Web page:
Do you know what the root of a business’ problem is 90% of the time?
It’s employee turnover.
That’s right. According to Nation’s Restaurant News, cleanliness, labor costs, maintenance issues, and unexpected sales dips all have one common denominator – employee turnover.
Within the restaurant industry alone, there is 100% annual turnover between hourly teams.
Your employees are your number one asset. (And tools to help you perform your job – ahhem ShiftNote). So, how do you combat these negative trends and keep employees for the long haul? Here are seven ways to reduce turnover...
1 - Find employees who are the right fit
The best way to eliminate the chance for them to leave is to take time to find people with the right values, skill set, and track record. During the interview process, define the job duties and expectations, and make sure you ask behavioral questions to get a full picture of how the candidate would fit into your overall organizational mix. As you speak with them, use your gut. If you get a bad vibe from a particular candidate, don’t ignore that hunch… It’s usually right.
2 - Realize compensation and retention go hand in hand
When employees feel valued, they tend to stay longer. And this has a favorable effect on a business’ bottom line. While it might seem like a no brainer, many companies don’t realize that monetary compensation and benefits go hand in hand. Here are a few ways to put this to practice:
- Offer standard performance bonuses for quality work
- Create standardized recognition plans
- In the service industry, most employees’ bread and butter comes from tips, so train them on how to maximize tips using social selling techniques.
- It’s also adventageous to offer real-time recognition. So don’t wait til the next month or quarter to reward an employee for something they did today.
3 - Respect all levels
Did you know a startling 50% of employees don’t feel respected in the workplace? A study of nearly 20,000 employees conducted by Harvard Business Review and Tony Schwartz revealed that being treated with respect was more important to employees than offering recognition, communicating a vision, providing feedback, and even supporting professional development. This is arguably the quickest fix for retention. As a manager, make it a daily duty to offer respect to all levels of your organization and operate by the Golden Rule “To treat others the way you would like to be treated.”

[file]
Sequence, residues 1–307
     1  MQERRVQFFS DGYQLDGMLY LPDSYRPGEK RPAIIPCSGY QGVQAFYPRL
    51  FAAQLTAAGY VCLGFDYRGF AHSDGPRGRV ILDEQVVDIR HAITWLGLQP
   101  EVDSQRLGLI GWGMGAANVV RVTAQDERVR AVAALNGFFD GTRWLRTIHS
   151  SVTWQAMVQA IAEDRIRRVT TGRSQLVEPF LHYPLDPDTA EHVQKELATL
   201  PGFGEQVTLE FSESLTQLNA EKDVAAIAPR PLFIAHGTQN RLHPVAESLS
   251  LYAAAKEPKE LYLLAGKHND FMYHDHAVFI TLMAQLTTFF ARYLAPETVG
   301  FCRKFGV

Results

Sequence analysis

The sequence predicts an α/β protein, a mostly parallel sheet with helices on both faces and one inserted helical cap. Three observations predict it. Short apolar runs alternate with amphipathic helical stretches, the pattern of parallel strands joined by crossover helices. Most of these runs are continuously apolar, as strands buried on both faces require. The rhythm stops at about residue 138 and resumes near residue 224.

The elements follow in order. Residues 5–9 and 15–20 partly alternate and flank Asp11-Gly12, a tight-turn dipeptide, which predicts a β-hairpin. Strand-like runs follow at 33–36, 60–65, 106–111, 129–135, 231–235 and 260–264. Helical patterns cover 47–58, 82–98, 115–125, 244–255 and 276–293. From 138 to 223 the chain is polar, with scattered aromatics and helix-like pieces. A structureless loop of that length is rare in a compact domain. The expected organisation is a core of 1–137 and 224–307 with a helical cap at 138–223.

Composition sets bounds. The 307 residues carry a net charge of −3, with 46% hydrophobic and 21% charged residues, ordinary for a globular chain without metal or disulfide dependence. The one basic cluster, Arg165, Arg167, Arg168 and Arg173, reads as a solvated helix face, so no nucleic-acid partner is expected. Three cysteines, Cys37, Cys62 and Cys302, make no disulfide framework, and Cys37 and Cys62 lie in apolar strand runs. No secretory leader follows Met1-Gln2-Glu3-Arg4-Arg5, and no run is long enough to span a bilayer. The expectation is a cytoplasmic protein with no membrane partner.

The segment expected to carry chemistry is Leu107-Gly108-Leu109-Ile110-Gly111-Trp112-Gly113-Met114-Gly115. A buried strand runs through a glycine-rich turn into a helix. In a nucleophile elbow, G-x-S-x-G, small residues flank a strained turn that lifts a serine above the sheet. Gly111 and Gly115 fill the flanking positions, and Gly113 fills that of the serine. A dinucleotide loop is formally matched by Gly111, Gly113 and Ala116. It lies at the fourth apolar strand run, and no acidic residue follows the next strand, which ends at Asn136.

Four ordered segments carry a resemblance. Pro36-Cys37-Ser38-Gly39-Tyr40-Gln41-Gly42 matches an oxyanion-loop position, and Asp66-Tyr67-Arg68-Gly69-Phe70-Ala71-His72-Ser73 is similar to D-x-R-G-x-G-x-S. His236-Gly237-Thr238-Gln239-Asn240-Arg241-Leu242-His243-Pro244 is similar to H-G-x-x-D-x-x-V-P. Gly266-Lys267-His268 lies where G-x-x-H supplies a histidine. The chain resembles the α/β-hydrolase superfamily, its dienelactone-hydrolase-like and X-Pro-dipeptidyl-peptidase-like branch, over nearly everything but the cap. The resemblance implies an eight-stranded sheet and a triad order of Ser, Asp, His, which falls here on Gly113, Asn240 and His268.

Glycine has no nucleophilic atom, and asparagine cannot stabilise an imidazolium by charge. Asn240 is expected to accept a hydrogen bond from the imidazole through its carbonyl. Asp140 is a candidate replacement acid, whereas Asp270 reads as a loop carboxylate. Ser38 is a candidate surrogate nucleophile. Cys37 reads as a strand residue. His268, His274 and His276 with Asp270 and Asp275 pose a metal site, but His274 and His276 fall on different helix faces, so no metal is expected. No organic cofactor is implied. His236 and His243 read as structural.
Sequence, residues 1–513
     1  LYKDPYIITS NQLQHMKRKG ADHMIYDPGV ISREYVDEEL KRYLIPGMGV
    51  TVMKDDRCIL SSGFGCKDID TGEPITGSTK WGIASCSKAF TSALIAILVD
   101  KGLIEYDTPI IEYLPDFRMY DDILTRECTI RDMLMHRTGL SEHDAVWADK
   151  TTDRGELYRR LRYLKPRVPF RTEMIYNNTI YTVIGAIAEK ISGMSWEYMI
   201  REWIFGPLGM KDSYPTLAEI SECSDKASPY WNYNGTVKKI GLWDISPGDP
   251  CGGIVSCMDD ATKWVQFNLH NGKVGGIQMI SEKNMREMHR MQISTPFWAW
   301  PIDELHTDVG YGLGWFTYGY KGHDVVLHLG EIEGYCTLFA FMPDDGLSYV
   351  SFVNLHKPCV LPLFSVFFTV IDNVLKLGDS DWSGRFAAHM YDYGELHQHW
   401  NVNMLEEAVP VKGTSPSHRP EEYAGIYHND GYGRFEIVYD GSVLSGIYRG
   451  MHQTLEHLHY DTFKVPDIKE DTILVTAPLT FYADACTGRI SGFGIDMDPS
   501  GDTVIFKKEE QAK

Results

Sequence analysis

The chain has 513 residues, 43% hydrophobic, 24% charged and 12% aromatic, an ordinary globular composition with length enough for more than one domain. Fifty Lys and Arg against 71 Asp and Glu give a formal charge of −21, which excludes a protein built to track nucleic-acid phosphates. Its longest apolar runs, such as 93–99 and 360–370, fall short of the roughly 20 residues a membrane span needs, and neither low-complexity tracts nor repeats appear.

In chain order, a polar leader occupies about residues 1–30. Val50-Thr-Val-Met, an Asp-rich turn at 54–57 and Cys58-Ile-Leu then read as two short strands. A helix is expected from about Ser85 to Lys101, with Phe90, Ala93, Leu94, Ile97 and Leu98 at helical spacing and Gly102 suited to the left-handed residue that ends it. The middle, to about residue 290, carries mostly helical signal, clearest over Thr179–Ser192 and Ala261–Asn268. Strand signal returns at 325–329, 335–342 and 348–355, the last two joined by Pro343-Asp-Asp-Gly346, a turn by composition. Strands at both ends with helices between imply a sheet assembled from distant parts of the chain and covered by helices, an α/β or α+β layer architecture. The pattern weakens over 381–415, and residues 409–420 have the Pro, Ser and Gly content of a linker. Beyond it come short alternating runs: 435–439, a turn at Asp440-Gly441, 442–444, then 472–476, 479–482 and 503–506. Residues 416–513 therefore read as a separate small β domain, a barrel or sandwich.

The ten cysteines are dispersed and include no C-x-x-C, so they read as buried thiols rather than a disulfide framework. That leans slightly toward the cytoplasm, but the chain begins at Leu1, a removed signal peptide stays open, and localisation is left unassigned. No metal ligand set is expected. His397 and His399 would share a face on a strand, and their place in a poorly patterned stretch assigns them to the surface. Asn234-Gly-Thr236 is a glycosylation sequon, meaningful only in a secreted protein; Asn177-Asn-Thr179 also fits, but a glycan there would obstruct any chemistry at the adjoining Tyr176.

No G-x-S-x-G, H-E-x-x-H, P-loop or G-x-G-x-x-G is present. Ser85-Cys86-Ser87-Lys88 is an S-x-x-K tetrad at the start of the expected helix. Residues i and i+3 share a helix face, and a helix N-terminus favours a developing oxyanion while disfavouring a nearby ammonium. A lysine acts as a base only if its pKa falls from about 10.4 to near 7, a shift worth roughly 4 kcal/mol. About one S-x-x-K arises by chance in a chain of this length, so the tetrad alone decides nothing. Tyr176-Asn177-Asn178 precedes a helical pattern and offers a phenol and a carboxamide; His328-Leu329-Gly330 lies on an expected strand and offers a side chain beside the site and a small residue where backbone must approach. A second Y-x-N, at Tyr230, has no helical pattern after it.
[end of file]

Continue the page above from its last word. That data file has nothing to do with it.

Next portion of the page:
4 - Play at work!
Take time to introduce fun into your organization to gain a more engaged workforce. “A day without laughter should be abnormal” notes The Balance. Take time for play to remove the notion that work is boring and “just for the paycheck.” You can plan all-staff activities like mixers or holiday parties, celebrate each one of your staff members’ birthdays, hold daily touch bases outside, or just keep the mood light when it’s right. Play in the workplace also boosts morale and employee engagement as well!
5 - Offer professional development
Knowledge is power. When employees get the feeling management is stifling their ability to grow and learn, they may look elsewhere for a job. Here are some easy ideas to offer professional development within your organization:
- Start a mentoring program. Pair a new and seasoned employee together and create a strategy for the newer employee to learn the tricks of the trade.
- Provide opportunities within the company for cross-training and career progression.
- Employees like to know their career trajectory. Outline this to them.
- Offer a professional development credit of $100, $250, or even $500 per year and let them use it on a fitting online course, in-person seminar, or conference.
- On-the-job training sessions and presentations are key.
6 - Avoid burnout
Are your employees exceeding the 40 hour per week mark? Doing this week after week promotes burnout. To fix this, make sure you leverage an employee scheduling software to staff adequately so overtime is minimized and you have a 10,000 foot vision on staffing at your organization. Balance is important in all aspects of life, and staff scheduling software can help you and your employees achieve this.
7 - Empower Employees
With this understanding about accountability in the workplace, you can set up your organization’s structure to empower your employees. This should start with leading by example. When you make a mistake or when something you asked for doesn’t turn out correctly, make a point to own up to your mistakes in front of your employees. Not only should you hold yourself accountable, but you should demonstrate how you plan to correct this problem from occurring again in the future.
As you demonstrate this behavior, empower your employees to begin holding themselves accountable. This can be rocky at first as employees are worried about consequences of admitting they made a mistake. Yet you should use the notion of accountability to encourage your employees to be proud of their achievements and own them. Empowering employees towards accountability will allow your organization to be more positive and uplifting as well as correct mistakes quickly with minimal repetition.
Have any tips you’d like to share to reduce turnover? Share them in the comments below!
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